Tax Insights

Your Guide to State, Local, Federal, Estate + International Taxation

The basics of the expanded child tax credit

child tax credit, tax law, tax reform, tax, IRSUnder the new tax reform bill, the Child Tax Credit was raised to $2,000 (increased $1,000 from 2017) per qualifying child. While the criteria for qualifying a child for this credit have not changed from 2017, some of the other rules are different going forward to 2018.

Let’s look at how this credit is changing from 2017 to 2018:

Based on MFJ20172018
Child tax credit (per child)$1,000$2,000
Income phase-out begins$110,000$400,000
Refundable amount (per child)$ - $1,400

First, the income phase-out begins at a much higher amount in 2018, so many more families will qualify for the credit. The 2018 phase-out starts at $400,000 MAGI for married filing joint families. So your credit will only start to reduce once your modified adjusted gross income is $400,000 or more and will be fully eliminated at $440,001. See the chart below for the different phase-out amounts based on your filing status.

Phase out amounts based on filing status
Full creditPartial creditPhase out - no credit
Single$0 - $200,000$200,001 - $240,000$240,001+
Married filing jointly$0 - $400,000$400,001 - $440,000$440,001+
Head of household$0 - $200,000$200,001 - $240,000$240,001+
Married filing separately$0 - $200,000$200,001 - $240,000$240,001+

Second, as you can see above, the 2018 child tax credit is now refundable (up to $1,400 per child).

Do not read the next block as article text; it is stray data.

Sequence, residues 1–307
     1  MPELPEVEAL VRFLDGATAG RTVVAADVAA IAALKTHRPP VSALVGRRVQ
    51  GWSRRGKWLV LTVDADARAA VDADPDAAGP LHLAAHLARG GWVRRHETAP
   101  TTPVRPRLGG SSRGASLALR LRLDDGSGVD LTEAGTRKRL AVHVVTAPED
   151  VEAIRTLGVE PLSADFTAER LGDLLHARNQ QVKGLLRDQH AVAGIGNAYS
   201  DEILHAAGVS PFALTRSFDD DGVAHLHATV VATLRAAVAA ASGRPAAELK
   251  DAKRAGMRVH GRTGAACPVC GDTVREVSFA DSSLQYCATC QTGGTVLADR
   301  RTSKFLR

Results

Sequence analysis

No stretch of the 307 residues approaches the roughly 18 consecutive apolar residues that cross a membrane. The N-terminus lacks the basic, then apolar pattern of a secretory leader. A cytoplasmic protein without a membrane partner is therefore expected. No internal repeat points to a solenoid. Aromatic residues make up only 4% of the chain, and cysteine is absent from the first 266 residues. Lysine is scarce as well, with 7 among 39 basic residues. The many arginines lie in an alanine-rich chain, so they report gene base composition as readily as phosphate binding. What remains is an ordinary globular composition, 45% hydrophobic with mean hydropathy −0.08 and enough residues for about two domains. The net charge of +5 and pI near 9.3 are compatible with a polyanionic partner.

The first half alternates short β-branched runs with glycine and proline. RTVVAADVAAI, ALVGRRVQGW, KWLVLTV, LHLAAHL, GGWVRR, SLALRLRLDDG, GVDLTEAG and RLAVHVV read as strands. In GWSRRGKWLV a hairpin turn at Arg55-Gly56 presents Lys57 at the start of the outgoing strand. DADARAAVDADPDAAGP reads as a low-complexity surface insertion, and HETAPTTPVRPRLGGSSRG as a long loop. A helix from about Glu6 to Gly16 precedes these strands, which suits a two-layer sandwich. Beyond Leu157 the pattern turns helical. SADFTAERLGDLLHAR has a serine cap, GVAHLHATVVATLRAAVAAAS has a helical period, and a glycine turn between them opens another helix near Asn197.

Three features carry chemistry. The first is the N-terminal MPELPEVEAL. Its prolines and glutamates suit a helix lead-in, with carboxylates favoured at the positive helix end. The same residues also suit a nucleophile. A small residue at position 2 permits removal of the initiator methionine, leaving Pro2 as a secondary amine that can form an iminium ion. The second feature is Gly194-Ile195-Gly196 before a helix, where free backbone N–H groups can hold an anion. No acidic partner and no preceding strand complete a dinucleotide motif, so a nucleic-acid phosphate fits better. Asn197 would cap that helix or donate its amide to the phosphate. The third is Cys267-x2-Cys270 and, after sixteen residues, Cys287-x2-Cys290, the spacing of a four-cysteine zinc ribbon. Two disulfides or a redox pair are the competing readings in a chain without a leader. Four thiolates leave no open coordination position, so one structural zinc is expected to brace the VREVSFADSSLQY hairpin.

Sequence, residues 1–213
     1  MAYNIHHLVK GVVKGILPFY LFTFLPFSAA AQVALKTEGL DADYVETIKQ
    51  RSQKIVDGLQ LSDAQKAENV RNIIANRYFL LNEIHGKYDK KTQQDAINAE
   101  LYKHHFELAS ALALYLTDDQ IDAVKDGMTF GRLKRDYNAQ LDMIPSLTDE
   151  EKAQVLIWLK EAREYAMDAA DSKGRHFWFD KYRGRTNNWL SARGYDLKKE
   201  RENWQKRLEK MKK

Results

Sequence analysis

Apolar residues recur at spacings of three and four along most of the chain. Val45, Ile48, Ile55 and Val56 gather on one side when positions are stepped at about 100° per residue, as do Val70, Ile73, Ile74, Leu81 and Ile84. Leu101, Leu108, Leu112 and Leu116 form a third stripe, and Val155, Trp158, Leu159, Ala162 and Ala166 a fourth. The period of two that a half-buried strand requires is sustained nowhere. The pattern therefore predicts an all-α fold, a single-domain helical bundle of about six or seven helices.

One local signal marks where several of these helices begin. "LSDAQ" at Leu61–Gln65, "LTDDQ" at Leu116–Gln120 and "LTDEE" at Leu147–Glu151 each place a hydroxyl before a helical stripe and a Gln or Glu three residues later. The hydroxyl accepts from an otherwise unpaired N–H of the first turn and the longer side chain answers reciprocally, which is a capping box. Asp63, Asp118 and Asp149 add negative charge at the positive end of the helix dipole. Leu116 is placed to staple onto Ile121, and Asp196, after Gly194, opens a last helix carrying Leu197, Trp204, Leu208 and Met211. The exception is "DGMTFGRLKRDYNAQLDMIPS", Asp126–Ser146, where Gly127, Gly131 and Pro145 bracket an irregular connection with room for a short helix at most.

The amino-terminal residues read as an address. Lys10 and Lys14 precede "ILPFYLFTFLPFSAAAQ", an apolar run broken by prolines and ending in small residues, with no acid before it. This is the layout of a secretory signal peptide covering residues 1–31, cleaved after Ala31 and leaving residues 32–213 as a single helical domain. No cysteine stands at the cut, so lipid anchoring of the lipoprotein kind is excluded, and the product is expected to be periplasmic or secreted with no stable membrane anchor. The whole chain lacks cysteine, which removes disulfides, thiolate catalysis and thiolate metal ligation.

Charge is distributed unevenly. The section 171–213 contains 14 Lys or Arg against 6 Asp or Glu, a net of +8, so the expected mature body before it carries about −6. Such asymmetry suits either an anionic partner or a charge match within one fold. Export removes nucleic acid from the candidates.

A refundable credit means you can benefit from the credit even if you do not owe any tax. Unlike with a nonrefundable credit, even if you don’t have any tax liability, the “extra” credit is not lost but is instead refunded to you.

However, to claim the refundable portion of the credit, you must have earned income. For the 2018 child tax credit, the refundable portion is equal to 15% of your earned income which exceeds $2,500 up to the maximum credit. For example: if your earned income is $12,000 and assuming you have one qualifying child and are entitled to one full $2,000 tax credit, you can receive up to $1,425 of refundable credit ($12,000-2,500=$9,500)*.15 = $1,425.

The new 2018 Child Tax Credit will be available to many more families than prior versions of the credit. And for many, the expanded child tax credit will more than make up for the lost personal exemptions. If you have any additional questions that pertain to your family’s individual situation, please consult your tax advisor.

Meghan Scott, EA